Desperately seeking moose

Casey

Casey

Yellowknife, N.W.T. – Gord Gin does not give up easily. We are cruising Graham Lake in the Northwest Territories, desperately seeking moose. Our small group includes Kay from Australia who, no surprise, has only heard stories of the largest species of the deer family that may weigh more than 300 kilograms and top two metres in height. She wants to see one.

In a small boat, under a bright blue sky, we motor into serene bays, constantly scanning the shoreline for signs of wildlife. Gin is our host at Yellow Dog Lodge, a fly-in fishing lodge about 55 kilometres northeast of Yellowknife. He assures us that bear, wolves, lynx, wolverine, porcupines and yes, moose, live in the Arctic taiga around us. But today they’re hiding.

As much as we would love to see a postcard-perfect Canadian moose, we three visitors are pretty happy with our stay. We left Yellowknife via floatplane to land at Yellow Dog Lodge and sure enough, before the engines had stopped on the Air Tindi Cessna 208, Casey, a large, friendly Labrador retriever, had wagged his way down the wharf. (I noticed that Casey, the perfect host, said goodbyes to the group leaving before turning his full attention to us.) Everything about Yellow Dog Lodge was welcoming: the lack of formalities, the cabins, the lakes and the fact that you couldn’t see another sign of civilization.

Gord and Kathy Gin took over the lodge in 2006. In the 1970s it had been owned by Duncan Pryde, a fur trader, member of the territorial legislature and author of Nunaga, My Land, My Country, a story about life with the Inuit. Pryde was one of those larger-than-life northerners. There are plenty of tales about him; Gord related a few one morning as we hiked. Accompanied by Casey we did a loop, starting uphill on crunchy moss, through stands of spruce, past juniper and wild cranberry bushes. We stopped on rocky ledges and looked down at the lodge and the lakes.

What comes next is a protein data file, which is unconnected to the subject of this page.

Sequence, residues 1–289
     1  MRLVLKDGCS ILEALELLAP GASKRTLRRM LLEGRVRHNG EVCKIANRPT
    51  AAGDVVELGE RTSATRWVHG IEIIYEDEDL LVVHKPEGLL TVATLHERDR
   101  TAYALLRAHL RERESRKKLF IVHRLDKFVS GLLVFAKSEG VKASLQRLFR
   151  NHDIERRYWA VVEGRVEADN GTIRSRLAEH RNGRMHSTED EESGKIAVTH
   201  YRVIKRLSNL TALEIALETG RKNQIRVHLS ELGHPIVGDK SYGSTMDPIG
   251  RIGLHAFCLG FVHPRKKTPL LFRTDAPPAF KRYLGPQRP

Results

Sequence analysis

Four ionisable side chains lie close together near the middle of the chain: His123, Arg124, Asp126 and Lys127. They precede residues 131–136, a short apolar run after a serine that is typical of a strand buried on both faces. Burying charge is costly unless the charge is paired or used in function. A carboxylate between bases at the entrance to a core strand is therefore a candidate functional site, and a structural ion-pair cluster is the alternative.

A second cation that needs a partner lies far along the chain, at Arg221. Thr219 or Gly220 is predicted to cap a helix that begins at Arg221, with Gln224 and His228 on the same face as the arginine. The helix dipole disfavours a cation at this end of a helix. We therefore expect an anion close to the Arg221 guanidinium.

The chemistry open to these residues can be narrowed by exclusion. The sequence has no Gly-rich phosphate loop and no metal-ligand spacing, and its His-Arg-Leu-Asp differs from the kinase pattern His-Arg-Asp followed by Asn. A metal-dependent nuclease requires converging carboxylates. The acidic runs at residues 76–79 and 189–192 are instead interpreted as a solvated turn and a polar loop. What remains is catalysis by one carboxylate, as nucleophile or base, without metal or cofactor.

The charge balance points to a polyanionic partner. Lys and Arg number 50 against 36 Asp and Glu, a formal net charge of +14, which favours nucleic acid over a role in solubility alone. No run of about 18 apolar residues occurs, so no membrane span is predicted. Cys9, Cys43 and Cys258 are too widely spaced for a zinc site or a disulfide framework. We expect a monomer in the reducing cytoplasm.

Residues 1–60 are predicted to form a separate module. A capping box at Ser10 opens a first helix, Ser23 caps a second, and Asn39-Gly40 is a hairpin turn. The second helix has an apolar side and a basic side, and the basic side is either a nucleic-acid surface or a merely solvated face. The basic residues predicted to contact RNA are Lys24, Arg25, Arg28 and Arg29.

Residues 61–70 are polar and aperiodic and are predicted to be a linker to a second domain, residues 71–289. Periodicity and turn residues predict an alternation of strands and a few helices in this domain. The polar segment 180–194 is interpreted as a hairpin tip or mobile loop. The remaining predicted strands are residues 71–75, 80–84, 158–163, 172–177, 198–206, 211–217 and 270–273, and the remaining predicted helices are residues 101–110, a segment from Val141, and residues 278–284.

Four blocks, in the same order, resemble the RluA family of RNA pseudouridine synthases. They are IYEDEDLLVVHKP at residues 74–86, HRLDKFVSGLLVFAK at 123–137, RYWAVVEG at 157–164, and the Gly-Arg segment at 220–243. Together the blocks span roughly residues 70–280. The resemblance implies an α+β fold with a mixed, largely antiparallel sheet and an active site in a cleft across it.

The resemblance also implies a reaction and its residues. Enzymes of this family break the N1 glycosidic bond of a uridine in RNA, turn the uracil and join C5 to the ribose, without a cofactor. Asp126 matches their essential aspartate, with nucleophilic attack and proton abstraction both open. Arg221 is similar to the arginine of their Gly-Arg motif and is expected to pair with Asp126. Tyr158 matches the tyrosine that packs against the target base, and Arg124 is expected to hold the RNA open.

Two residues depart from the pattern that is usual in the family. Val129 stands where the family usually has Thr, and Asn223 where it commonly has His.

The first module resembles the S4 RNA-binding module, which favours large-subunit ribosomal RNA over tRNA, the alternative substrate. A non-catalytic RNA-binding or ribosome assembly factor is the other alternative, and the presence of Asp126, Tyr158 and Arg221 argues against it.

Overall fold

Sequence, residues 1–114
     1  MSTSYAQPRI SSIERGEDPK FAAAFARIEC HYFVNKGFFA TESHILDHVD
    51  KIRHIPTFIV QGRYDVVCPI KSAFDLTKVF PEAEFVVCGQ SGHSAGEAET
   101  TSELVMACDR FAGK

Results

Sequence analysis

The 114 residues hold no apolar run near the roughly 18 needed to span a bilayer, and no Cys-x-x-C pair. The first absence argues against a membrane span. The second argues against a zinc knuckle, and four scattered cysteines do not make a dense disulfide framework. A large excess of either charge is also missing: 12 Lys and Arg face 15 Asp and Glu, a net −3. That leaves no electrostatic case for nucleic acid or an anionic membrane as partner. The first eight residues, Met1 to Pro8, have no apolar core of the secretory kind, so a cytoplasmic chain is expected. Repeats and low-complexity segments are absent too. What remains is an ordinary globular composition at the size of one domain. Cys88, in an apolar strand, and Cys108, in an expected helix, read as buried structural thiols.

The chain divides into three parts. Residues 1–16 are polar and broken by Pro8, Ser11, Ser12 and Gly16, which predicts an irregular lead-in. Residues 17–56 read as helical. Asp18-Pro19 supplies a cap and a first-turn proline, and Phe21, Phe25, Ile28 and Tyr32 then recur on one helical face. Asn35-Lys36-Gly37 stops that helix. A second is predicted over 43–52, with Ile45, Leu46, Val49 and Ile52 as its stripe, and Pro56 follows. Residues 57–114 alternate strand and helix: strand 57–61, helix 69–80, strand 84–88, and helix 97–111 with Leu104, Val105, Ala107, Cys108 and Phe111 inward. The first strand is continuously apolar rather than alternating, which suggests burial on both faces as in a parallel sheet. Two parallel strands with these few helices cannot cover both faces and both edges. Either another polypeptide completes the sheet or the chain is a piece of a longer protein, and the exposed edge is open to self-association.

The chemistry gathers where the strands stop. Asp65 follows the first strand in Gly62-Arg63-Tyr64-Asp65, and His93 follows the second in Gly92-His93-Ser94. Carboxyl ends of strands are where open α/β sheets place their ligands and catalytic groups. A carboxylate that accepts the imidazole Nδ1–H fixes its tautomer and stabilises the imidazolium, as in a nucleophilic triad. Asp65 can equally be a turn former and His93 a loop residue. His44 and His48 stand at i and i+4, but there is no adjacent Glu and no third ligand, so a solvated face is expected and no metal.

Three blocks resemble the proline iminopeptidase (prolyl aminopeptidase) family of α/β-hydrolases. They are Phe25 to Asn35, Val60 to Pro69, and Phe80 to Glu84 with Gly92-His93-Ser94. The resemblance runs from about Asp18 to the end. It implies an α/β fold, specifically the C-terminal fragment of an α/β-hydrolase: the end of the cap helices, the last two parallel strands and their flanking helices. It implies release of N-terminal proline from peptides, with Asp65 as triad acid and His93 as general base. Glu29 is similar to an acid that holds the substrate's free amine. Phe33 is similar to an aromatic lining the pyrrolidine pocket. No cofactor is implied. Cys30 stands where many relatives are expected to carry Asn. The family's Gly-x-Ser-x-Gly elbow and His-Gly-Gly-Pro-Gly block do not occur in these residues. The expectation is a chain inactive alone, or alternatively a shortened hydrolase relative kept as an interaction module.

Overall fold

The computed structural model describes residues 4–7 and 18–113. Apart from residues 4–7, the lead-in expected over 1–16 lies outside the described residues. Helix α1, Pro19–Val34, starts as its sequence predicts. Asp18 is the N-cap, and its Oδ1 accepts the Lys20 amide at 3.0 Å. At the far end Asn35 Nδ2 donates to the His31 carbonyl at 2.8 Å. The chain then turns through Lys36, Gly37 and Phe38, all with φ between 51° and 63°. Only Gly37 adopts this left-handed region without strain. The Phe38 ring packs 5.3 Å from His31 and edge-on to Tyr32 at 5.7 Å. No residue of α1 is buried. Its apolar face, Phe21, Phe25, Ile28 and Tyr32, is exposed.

Later we trolled for trout on Duncan Lake. In less than 10 minutes, two of us caught silvery, one-to-two-kilogram fish. Then Gord did what is apparently mandatory on a fishing trip: he brought out the beer and we bobbed in the boat, pondering such important questions as would the Mackenzie Valley Pipeline ever be built in this peaceful neck of the woods and why weren’t more fish biting? It was a great morning, rounded off by having those fish we did catch for lunch back at the lodge.

As for our moose hunt, we were unsuccessful. But when we cruised up a marshy channel of the Nicholson River we did get to hop out and hike to a waterfall tumbling from yet another peaceful lake.

Two things to note about a trip to the Northwest Territories: this is the place to go if you are starved for sunshine; in summer it averages 23 hours of daylight. And don’t even think of hiking without a net over your head—I swear the mosquitoes save themselves for visitors.

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For more information on Yellow Dog Lodge visit its website at www.yellowdoglodge.ca.

For information on travel in the Northwest Territories visit the Northwest Territories Tourism website at www.spectacularnwt.com.